Title: European Project “Supercritical Water Reactor – Fuel Qualification Test”: Summary of general corrosion tests
Publisher: ASME
Publication Year: 2016
JRC N°: JRC99235
ISSN: 2332-8983
URI: http://nuclearengineering.asmedigitalcollection.asme.org/article.aspx?articleid=2546687
DOI: 10.1115/1.4032871
Type: Articles in periodicals and books
Abstract: The main target of the EUROATOM FP7 project “Fuel Qualification test for SCWR” is to make significant progress towards the design, analysis and licensing of a fuel assembly cooled with supercritical water in a research reactor. The program of dedicated WP4 - Pre-qualification was focused on evaluation of general corrosion resistance of three pre-selected austenitic stainless steels 08Cr18Ni10Ti, AISI 347H and AISI 316L, which should be pre-qualified for application as a cladding material for fuel qualification tests in supercritical water. Therefore, the experiments in support of WP4 concentrated on 2000 h corrosion exposures in 25 MPa SCW at two different temperatures 550 and 500oC dosed with both 150 and 2000 ppb of dissolved oxygen content. Moreover, water chemistry effect was investigated by conducting tests in 550oC SCW with 1.5 ppm of dissolved hydrogen content. At first, corrosion coupons were exposed for 600, 1400 and 2000 h in JRC IET, VTT and SJTU autoclaves connected to recirculation loop allowing continual water chemistry control during the test. Following examination of the exposed specimens consisted of weight change calculations and detailed macro and microscopic investigation of oxide layers using SEM and EDX. With respect to general corrosion results, all tested steels showed sufficient corrosion resistance in SCW conditions taking into account the conditions foreseen for future fuel qualification test in the research reactor in CVR Rez. When the results of weight change calculations were compared for all three materials, it was found out, that the corrosion resistance increased in the following order: 316L<347H<08Cr18Ni10Ti. Results obtained in hydrogen water chemistry did not indicate any significant beneficial effect compared to tests in SCW with 150 or 2000 ppb dissolved oxygen content. Additional tests were dedicated to investigation of surface finish effect. In these exposures polished, sandblasted and plane-milled surface finish technique were investigated. Beneficial effect of surface cold work in particular of sand-blasting was clearly demonstrated.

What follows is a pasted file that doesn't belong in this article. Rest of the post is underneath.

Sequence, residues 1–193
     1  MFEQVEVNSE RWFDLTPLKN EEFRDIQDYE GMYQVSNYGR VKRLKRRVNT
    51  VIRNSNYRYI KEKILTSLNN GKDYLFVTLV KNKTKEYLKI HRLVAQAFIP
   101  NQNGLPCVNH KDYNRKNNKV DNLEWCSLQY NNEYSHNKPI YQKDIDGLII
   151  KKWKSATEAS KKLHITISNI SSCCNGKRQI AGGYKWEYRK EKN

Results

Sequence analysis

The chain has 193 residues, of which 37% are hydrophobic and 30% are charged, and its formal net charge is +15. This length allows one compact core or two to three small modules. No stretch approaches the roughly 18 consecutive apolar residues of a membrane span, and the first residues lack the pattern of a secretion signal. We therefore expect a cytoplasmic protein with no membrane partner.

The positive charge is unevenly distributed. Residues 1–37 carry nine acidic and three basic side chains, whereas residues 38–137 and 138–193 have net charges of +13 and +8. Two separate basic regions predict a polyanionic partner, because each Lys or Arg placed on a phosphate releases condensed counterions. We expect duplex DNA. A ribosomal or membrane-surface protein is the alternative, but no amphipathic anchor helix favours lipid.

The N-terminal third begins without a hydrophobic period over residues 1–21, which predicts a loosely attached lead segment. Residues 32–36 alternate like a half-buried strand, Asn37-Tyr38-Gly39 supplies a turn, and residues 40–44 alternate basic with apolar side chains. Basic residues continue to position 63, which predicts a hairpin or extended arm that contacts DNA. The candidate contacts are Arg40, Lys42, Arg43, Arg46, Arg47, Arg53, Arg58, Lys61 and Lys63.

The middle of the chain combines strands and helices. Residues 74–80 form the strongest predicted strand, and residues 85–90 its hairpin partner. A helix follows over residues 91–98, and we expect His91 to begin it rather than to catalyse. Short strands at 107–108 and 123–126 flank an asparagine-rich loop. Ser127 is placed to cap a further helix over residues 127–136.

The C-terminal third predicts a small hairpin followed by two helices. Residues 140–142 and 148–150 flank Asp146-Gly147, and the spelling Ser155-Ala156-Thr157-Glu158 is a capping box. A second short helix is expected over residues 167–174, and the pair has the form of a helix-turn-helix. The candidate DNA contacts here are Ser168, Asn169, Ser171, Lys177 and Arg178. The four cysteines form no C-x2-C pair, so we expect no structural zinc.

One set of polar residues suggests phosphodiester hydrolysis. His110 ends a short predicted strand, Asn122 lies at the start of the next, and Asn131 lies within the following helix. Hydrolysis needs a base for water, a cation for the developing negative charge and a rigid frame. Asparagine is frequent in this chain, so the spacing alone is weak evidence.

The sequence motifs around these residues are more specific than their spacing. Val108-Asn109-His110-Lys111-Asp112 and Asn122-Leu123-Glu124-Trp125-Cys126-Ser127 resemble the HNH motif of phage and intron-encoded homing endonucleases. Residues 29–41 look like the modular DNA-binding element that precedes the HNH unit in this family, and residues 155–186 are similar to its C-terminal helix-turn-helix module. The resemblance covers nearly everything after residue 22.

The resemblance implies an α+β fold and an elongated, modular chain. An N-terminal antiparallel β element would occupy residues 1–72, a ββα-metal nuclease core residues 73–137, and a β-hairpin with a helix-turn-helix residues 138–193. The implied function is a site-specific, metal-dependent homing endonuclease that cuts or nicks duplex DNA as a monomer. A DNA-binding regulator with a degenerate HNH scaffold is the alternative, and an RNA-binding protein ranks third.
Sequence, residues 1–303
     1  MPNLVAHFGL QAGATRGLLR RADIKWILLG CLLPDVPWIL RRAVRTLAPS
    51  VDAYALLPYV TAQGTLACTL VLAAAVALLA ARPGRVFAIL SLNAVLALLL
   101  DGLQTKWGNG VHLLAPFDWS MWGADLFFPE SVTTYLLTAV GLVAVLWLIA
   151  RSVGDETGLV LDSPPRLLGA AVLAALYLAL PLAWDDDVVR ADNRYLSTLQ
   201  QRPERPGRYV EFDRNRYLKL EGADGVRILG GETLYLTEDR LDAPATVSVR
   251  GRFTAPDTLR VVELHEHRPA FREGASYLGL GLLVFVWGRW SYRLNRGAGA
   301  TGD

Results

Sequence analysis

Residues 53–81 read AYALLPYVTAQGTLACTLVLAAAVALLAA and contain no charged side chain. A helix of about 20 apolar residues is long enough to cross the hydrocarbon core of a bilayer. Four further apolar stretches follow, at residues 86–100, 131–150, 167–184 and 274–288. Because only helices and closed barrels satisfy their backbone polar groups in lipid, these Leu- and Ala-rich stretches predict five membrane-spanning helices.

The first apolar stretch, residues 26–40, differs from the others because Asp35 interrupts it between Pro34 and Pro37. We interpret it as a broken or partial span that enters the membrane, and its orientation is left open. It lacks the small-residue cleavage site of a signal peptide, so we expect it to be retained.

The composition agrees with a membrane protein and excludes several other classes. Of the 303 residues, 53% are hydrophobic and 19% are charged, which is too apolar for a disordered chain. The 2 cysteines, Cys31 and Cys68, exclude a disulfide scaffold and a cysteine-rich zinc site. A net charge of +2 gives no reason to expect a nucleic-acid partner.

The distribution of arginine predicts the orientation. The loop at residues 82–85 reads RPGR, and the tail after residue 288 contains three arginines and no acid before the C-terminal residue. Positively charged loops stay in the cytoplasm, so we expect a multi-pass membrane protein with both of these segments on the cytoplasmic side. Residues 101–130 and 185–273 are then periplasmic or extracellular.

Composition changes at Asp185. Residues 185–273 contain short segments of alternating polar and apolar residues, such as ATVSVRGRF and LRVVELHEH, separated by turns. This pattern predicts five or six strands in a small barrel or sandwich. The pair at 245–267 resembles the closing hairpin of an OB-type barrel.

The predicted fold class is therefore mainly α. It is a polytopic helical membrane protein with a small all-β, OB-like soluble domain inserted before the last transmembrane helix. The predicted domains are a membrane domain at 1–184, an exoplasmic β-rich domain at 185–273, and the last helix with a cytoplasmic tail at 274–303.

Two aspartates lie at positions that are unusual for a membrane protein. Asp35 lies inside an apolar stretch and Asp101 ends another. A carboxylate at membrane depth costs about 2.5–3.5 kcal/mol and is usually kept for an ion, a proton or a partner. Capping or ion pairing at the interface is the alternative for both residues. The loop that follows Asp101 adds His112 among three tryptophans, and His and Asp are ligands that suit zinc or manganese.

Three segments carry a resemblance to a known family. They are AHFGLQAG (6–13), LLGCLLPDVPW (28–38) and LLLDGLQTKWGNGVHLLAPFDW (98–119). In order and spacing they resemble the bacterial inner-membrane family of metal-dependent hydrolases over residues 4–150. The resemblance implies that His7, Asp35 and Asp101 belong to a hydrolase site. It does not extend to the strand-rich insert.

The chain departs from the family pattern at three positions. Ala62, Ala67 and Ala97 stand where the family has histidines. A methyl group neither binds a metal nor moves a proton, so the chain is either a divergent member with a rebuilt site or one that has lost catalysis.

JRC Directorate:Nuclear Safety and Security

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